2 banking stocks that could be huge winners for patient investors


The 2022 market downturn affected almost every sector of the stock market, and bank stocks were certainly no exception. Recession fears have led investors to fear a drop in loan demand and a rise in loan defaults.

While these concerns are certainly legitimate, there are also some very exciting opportunities in banking right now. Two in particular that seem interesting are Bank of America (BAC 0.72%) and Allied Financial (ALLY 4.96%)both of which are trading at cheap valuations and could significantly increase their earnings over the next few years.

Bank of America could see billions in revenue increase

The largest bank in the United States by deposits, Bank of America is a massive institution. It has $3.24 trillion in total assets, $2.07 trillion in deposits, and $978 billion in loans. Recent growth has been impressive, with the loan portfolio growing 10% year-over-year in the first quarter and deposits growing 13% over the same period.

Certainly, Bank of America is not immune inflation and recessions. But with the stock down nearly 35% from its recent high and trading at less than 1.1x book value, the negative effects of the current economic climate are likely priced in at this point.

Additionally, Bank of America is better positioned than most of its peers to benefit to of a rising interest rate environment. The bank has about $800 billion in deposits that don’t bear interest, so as the rates it can charge on loans go up, profit margins widen. In fact, management has estimated that a 1 percentage point rise in interest rates could result in $5.4 billion in additional net interest income per year.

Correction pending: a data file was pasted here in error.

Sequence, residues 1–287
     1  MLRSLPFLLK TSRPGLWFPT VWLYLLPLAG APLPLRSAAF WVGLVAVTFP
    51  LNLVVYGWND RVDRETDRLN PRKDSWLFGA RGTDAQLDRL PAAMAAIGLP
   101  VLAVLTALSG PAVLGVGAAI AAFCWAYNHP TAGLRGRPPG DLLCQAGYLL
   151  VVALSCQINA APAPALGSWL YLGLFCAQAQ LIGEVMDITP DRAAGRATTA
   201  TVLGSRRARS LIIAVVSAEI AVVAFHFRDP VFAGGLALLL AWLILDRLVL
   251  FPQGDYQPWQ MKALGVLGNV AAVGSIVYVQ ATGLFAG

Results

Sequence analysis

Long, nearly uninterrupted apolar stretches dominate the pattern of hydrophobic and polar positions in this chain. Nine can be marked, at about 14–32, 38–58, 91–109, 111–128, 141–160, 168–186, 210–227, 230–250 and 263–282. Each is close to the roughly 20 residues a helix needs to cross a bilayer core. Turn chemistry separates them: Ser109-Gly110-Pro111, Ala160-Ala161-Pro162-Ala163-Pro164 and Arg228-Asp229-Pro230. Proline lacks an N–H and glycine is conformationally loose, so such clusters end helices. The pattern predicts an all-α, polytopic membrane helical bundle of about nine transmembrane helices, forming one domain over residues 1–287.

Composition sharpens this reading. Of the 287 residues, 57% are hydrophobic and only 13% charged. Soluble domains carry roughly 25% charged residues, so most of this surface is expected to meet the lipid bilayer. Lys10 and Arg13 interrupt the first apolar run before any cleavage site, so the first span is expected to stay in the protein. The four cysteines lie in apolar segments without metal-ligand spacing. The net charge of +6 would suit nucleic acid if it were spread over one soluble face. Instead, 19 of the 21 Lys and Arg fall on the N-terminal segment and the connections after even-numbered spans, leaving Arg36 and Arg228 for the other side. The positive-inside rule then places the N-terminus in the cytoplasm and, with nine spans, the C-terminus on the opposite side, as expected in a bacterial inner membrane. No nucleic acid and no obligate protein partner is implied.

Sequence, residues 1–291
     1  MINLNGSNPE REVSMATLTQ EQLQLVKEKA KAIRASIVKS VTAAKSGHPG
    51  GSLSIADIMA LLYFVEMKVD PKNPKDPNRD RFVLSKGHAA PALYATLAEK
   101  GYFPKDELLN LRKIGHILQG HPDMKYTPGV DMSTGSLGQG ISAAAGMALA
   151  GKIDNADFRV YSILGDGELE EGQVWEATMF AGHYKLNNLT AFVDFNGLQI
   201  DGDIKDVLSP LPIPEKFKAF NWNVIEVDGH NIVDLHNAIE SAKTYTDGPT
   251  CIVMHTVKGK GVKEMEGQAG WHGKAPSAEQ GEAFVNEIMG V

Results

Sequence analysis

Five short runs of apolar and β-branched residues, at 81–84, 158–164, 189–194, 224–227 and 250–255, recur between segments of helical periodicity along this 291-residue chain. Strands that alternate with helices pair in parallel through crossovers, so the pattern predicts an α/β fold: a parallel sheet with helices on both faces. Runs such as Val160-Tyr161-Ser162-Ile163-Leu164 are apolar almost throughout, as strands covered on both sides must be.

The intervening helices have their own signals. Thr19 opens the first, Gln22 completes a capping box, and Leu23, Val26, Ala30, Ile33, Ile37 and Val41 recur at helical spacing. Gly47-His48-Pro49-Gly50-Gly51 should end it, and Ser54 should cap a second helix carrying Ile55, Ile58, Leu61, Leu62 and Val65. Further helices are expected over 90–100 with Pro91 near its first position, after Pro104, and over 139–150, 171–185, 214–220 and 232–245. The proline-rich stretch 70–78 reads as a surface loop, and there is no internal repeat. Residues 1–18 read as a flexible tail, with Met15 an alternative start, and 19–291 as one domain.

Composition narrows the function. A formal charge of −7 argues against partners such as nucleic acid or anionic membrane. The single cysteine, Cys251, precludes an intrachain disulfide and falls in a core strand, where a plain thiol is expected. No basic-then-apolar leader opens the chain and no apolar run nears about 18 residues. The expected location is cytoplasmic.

Ally is a cheap and profitable banking stock with plenty of room for growth

Ally Financial isn’t as well known as Bank of America, but it’s one of the most attractive banking stocks from a value perspective.

If you’re not familiar, Ally was once General Motors(GM 5.55%) financing division of GMAC and was spun off following the financial crisis. So it shouldn’t come as too much of a surprise that the bulk of Ally’s lending operations are in the automotive sector.

In the first quarter, Ally issued $11.6 billion in auto loans. The bank also operates an auto insurance business and offers mortgages, credit cards, and business loans.

On the deposit side, the bank has 2.5 million retail customers with a total of $136 billion in deposits, as well as an investment platform that offers both robo-advisory and traditional brokerage services. And it does all of this without any bank branches.

Because Ally doesn’t have to worry about an expensive branch network and because it focuses on car loans (which have an average interest rate above 7%), it’s a bank very profitable. It has a net interest margin of nearly 4%, where most banks are between 2% and 3%, and its return on equity is well above the industry average.

The company is aggressively buying back shares and paying dividends with its earnings. Ally trades for just five times earnings over the past 12 months and for just over book value, a remarkably cheap price considering its profitability.

Buy for the long term

It is important to point out that the stock market continues to have a very volatile 2022, and many experts predict a recession in the next year. So it’s fair to say that there’s quite a bit of short-term uncertainty in the market and both of these bank stocks could be volatile. They’re both well-run banks with attractive valuations and plenty of room to boost earnings, but it’s wise to expect a bit of a rollercoaster ride as the current economic troubles unfold.

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